The Duel over the Dual Mandate
Given the opposing views of the potentially parsimonious new Congress and the continuously accommodative Federal Reserve, there is a movement afoot among Republicans to eliminate the Fed's "dual mandate." Prior to 1977, the Fed only had one job: maintaining price stability. However, the stagflation of the 1970s inspired politicians to assign another task: promoting maximum employment. This "mission creep" has transformed the Fed from a monetary watchdog into an instrument of social policy. We would do well to give them back their original job.
The imposition of the "dual mandate" was informed by the Keynesian belief that inflation and unemployment don't mix. An economic concept known as the "Phillips curve" postulates that low levels of one cause high levels of the other. But, like many things in modern economics, the curve is a fiction. There is no real reason why low inflation would produce unemployment or full employment would create inflation.
On paper, at least, the Fed has appeared to strike the balance that Congress demands. But this is a fool's errand. The Fed's dual mandate is the equivalent of asking a corporate CEO to maximize shareholder value by giving away as many free products as possible to consumers.
The best way for the Fed to ensure maximum employment is to focus on its one true job - creating price stability. The irony of the dual mandate is that by trying to satisfy both, the Fed ensures that we will get neither.
While it is true that increases in inflation may occur concurrently with drops in unemployment, there is no logical causality that can be implied. Any correlation simply results from inflation lowering the real cost of employment. Put simply: because inflation reduces wages in real terms, employers can afford to hire more people. So it's lower wages, not inflation, that puts people to work.
Inflation does nothing to alter the structural issues that cause unemployment. Like everything else, the labor market is governed by the laws of supply and demand. High unemployment results from a wage structure that is too high relative to demand. Demand for labor is a function of productivity, or more accurately, profitability per worker. Absent higher productivity, which takes time to develop, the only way to clear the imbalance is for wages to fall. However, government and unions typically prevent this from happening. Economists describe this as wages being "sticky" on the downside.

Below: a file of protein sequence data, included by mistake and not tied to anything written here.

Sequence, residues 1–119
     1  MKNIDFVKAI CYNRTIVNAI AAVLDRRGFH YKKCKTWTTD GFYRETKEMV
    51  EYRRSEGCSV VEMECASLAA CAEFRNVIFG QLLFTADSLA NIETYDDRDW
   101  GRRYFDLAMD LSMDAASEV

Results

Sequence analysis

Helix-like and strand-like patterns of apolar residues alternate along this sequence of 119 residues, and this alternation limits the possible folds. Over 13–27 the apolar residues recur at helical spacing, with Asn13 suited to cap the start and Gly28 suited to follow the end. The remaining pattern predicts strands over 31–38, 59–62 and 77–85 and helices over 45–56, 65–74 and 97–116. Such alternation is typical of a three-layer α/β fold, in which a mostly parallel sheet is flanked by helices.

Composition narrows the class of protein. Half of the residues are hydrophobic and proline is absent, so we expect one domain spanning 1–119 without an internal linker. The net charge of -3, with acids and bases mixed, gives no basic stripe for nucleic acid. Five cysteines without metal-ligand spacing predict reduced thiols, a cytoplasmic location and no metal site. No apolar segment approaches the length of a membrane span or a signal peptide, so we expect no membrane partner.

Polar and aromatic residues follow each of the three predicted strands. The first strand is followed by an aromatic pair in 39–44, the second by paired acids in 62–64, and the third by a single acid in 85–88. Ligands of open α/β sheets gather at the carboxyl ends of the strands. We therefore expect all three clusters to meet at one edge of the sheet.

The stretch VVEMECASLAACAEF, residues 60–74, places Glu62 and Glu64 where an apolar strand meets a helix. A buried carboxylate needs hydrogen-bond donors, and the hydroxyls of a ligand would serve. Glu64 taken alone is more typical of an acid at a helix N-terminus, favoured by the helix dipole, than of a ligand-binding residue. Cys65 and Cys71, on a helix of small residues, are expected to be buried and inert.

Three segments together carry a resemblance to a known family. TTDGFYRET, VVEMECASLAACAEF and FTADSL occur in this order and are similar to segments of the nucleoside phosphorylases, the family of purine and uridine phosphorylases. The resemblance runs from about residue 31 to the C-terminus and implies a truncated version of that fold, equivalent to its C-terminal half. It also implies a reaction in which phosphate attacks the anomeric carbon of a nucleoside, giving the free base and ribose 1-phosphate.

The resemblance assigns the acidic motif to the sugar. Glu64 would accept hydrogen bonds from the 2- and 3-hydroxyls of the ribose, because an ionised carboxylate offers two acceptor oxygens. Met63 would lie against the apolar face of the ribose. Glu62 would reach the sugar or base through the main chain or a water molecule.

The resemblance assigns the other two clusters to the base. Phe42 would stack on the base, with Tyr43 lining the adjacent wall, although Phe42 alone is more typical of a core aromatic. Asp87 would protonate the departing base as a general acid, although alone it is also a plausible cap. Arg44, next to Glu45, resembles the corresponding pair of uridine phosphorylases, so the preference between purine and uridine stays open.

Over-taxation and over-regulation further restrict demand and add to unemployment. On that front, one of the worst offenders is the minimum wage law. It doesn't actually raise wages for anyone, but simply renders unemployable many low-skill workers. By creating inflation, the Fed effectively lowers the minimum wage. Another cause is extended unemployment benefits. Since these payments narrow the disparity between employment and unemployment, and in some cases may even be preferable to accepting a low-paying job, workers are incentivized to reject employment opportunities that they might otherwise accept.
To get around these roadblocks, the Fed lowers the cost of labor through inflation. However, this inefficient solution to a simple problem creates negative consequences for the economy. While wages may go up with inflation, goods prices usually rise faster. The net result offers no benefit for workers. By tricking workers into accepting lower wages, the Fed allows politicians to claim meaningless victories.
In addition, wages are only one cost of employment. Even as inflation lowers real wages, other factors can work to increase employment costs. In the current environment, higher payroll taxes, new health care mandates, economic uncertainty, and the potential for even higher future taxes to fund large budget deficits are all offsetting the "benefits" of lower wages. On top of that, large current budget deficits are crowding out small business credit. The result is that employment costs are rising despite lower real wages. Taken together, these policy mistakes are creating a toxic, job-killing mix.
The other fallacy of the dual mandate is that a fully employed workforce demands higher wages, forcing business to raise prices. More employment increases the supply of goods and services. Yes, employment raises demand, but that demand is satisfied by the additional supply created by a productive economy.
Since wages are the price of labor, wages are themselves prices. To say that rising prices are caused by rising prices makes no sense. Workers cannot demand higher wages unless the increases are justified by higher productivity. If they are, such wage gains will not result in higher goods prices.
The real reason that prices rise, for both goods and wages, is that the Fed creates inflation. This policy undermines the economy by destroying both current savings and the incentives to accumulate future savings. Since savings finance capital investment, lower savings equal weaker economic growth.
So, the best way for the Fed to create maximum employment is to focus on the single mandate of price stability. While a few elected officials seem to be figuring this out, most are just as clueless as the Fed. Unfortunately, even if Congress succeeds in changing the Fed's mandate, there is not much chance that monetary policy will change significantly. Keynesian thinking is so ingrained in Bernanke and his colleagues that they will exploit any wiggle room in their directives to jump back in the driver's seat and send us ever faster toward the edge of an economic cliff.
Peter Schiff is president of Euro Pacific Capital and host of The Peter Schiff Show
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